Guest post today by Dr Stewart Hase
There are many examples of this but I’ll choose something reasonably benign to illustrate. Take the case of Stress Management programs. Clearly staff are stressed to the maximum and cracks are starting to show in the organisation that can no longer be avoided. So, it is decided to hire a trainer and run some single or perhaps two-day programs on how to manage stress (or whatever organisational ailment has been identified).
As every consultant and trainer knows, the training is next to worthless and will not produce any long-lasting behaviour change at all. There will be a halo effect of a couple of weeks similar to that obtained from listening to Tony Robbins or Billy Graham but any change wears off and things go back to normal. This is particularly true if the situation to which the person goes back to does not change. Conversions do happen to a small number but they are often highly contextual and rely in other substantial changes occurring at the same time: this would involve becoming a disciple perhaps. Training does not often create these sorts of transformations.
The results, however, are satisfactory to the main players. The consultant becomes rich and the manager can tick the box, wash the hands and move on with a satisfied smirk.
The real solution for this problem, and many others for that matter, is a need for good leadership. Problems are often systems based rather than a lack of skill on the part of employees. The stress problem is often about the workplace and a need to redesign work: to do things in a different way. But CEOs are reluctant to go down this path and display some real leadership by tackling the hard stuff.: the more complex. Instead they go for the simple, but ineffective, solution. Naturally enough I guess given human nature but a failure of leadership nonetheless.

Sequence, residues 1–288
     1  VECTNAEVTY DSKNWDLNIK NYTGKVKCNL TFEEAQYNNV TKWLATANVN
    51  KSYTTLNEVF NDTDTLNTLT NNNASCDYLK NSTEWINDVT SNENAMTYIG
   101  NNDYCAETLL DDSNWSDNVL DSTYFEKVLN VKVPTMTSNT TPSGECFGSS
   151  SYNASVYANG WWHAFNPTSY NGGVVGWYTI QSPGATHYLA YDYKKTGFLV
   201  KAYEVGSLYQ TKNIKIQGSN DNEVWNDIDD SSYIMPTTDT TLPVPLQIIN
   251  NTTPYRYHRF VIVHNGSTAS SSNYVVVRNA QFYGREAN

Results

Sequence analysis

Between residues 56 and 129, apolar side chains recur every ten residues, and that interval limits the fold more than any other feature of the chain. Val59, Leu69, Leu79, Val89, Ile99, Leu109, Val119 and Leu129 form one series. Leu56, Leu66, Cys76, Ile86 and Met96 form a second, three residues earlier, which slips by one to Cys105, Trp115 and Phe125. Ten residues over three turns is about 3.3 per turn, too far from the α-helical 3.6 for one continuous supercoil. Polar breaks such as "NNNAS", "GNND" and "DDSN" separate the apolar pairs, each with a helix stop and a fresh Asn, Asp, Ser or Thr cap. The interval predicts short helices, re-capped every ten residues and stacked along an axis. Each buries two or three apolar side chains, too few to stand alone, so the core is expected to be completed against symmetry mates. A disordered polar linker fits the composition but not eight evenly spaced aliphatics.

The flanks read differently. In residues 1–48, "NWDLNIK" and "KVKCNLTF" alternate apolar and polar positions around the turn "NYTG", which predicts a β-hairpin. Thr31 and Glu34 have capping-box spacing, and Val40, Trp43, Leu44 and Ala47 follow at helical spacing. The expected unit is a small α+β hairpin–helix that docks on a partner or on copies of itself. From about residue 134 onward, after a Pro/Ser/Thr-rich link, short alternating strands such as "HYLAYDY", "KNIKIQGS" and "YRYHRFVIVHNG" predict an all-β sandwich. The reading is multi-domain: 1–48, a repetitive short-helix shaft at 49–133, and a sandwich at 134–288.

There are many other examples and some have to do with a rather less obvious leadership failure. Often I have been asked to mediate with either individuals or even whole teams who are in conflict or ‘being difficult’. In many cases the situation has come about because of a lack of action on the part of managers: mostly action was required early, when the problem is developing., but does not occur for a host or reasons.
Good leadership requires time, commitment to people and work. It means being involved with employees and relationship building. Then, when things start to go wrong there is early identification and subsequent action to set things right. This demands participation by staff and a certain democratic state of mind on the part of the manager, which is also not easy to procure. All of this needs skill and a willingness that goes beyond a focus on technical issues in the manufacture of whatever widgets the organisation produces.
I was recently involved with an organisation in which the pas de deux between consultant and manager was different. The initial problem was painted as a team that were ‘playing up’ and acting unsafely in what was an inherently dangerous workplace. When the issue was analysed in consultation with management, and in more detail, it was obvious that the ‘training solution’ of safety training that had been the initial brief was barking up the wrong tree. The training program we had designed was quickly dispatched to the scrap heap. Instead we undertook a modified search conference, which is a democratic and highly participative process that tackles workplace problems front on-with the troops. The result was that we unearthed a whole bunch of systemic problems that were creating the problem, at least in part, and which management committed to address. And the team committed to changing their behaviour and sticking to safety processes and procedures. At the same time, managers also committed to taking a more proactive role in pursuing safety goals. In effect, they were prepared to show leadership. A day of normal training would have been a dance of death.
So, the more enlightened consultant and manager can go beyond the ritualistic dance of the ‘training solution’. Instead they recognise that there may be a need to provide training but it needs to be accompanied by work redesign perhaps or system changes. Maybe it requires leading from the front and making sure that desired changes do in fact occur. This means the leader learning some psychological techniques for facilitating behavioural change in others. The manager may recognise that individual coaching involving self and employees will be more likely to address problems than running a workshop in a fancy location with a nice lunch. Sadly, the latter ticks the box in so many ways for the main players.
Stewart blogs at stewarthase.blogspot.com